In the epic final season of Carnival Row, love and loyalty are tested as Vignette and Philo find themselves on different paths as they try to save the row. Their struggle and that of the row are beautifully brought to life by the cast, crew, and the incredible costumes of Carnival Row designed by Emmy award-winning costume designer Nina Ayres. I spoke with Nina about Carnival Row and the incredible costumes she designed for season two.
Elizabeth: Hello, Nina, season two of Carnival Row has been incredible, and the costumes you created bring so much life to this expansive world. What was it like jumping into the world of Carnival Row while bringing your perspective and vision to it?
Nina: Hi, thanks for talking with me. I’m a huge fan and an avid listener of your podcasts. It was so exciting to join this show. I absolutely loved season one and love the historical/ fantasy genre in general, so I couldn’t have been more delighted to be asked to become the costume designer for season two.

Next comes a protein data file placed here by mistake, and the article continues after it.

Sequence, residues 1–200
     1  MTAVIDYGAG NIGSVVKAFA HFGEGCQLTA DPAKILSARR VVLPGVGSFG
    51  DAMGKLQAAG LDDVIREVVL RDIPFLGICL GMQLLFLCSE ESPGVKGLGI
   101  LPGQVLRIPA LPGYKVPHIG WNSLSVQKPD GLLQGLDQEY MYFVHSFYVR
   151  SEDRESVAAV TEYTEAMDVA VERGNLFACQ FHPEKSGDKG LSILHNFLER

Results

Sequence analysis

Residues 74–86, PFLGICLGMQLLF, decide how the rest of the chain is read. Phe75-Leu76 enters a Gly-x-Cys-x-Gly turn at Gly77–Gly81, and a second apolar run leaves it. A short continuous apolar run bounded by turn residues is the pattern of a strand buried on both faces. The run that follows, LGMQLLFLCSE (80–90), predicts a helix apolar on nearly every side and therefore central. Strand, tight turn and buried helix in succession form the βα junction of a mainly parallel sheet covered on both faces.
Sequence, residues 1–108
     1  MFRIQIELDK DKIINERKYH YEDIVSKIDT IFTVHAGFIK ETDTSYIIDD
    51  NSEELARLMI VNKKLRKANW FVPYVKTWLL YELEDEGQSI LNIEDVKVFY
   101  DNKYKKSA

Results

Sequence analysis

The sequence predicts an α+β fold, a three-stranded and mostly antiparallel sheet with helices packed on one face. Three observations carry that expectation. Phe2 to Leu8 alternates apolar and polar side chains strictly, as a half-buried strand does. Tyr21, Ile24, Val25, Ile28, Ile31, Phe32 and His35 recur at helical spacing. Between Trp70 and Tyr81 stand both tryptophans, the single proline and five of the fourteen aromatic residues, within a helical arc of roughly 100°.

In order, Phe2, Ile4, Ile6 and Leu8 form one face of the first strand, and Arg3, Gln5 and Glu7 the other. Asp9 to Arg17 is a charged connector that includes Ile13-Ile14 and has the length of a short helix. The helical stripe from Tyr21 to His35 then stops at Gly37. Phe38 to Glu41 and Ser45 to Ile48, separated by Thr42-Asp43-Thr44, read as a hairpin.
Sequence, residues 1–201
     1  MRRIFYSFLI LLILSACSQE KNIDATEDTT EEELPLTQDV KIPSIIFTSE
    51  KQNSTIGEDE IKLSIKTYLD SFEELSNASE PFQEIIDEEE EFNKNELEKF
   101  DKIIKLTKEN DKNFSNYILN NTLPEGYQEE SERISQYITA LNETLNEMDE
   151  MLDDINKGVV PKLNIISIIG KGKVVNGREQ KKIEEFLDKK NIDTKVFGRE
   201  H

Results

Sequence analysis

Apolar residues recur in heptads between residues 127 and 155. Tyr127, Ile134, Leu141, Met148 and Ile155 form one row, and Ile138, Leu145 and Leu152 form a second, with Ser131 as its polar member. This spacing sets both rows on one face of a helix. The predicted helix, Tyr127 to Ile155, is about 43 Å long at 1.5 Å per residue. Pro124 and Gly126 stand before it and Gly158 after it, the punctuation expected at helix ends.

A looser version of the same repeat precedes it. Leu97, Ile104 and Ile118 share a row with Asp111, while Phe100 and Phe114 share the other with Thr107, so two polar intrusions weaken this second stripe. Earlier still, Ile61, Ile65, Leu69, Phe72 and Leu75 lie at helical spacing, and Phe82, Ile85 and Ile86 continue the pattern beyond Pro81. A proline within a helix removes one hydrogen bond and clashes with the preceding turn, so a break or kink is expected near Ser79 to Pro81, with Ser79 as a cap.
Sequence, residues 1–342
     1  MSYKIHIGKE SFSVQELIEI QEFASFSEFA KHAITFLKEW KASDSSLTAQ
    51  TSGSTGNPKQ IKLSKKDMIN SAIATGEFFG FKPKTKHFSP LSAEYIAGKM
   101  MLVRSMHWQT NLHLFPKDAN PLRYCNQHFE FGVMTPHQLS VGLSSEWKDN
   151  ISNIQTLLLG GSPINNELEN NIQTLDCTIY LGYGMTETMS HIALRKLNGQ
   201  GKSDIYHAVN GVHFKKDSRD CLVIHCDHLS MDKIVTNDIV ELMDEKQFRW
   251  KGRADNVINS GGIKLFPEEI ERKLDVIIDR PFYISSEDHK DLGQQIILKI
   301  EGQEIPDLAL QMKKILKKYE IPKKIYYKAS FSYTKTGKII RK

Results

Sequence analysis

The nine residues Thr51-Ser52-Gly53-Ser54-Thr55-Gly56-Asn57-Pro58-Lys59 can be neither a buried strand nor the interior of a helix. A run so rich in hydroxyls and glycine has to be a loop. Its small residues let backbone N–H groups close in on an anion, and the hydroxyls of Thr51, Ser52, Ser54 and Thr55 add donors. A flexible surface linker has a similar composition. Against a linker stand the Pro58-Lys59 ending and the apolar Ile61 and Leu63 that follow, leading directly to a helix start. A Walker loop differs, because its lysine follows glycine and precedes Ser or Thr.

Initially, I had to fully immerse myself in the costume influences and style of season one so that there would be continuity of costumes going into season two. Thankfully, much of the Czech costume team, including my wonderful supervisor Jenni Lander, had worked on the first season, so they were already familiar with the characters’ costumes which gave me, as a designer, a good starting point.
Once I had the first scripts, I began researching and developing ideas for the established and many new characters. Fabric sourcing, hire house liaison, and my creative processes began. My office walls were heaving with mood boards of the various creatures and worlds, with fabric samples hung from them, new inspirations, Post-It notes with reminders, dye samples, and bits of jewelry. I have to do this to see everything, all at once, to constantly evaluate how each group is distinguished and then evolved and refined.
The other H.O.D’s were fabulous, and I had great communication with Nick Dudman, the MUFX designer; Vincenzo Mastrantonio, the makeup designer; Francesco Pegoretti, the hair designer; and Juri Matura, the production designer. We would get so excited and inspired by seeing each others’ work. It sent tingles down my spine to see how their glorious work would play into the emolument of characters.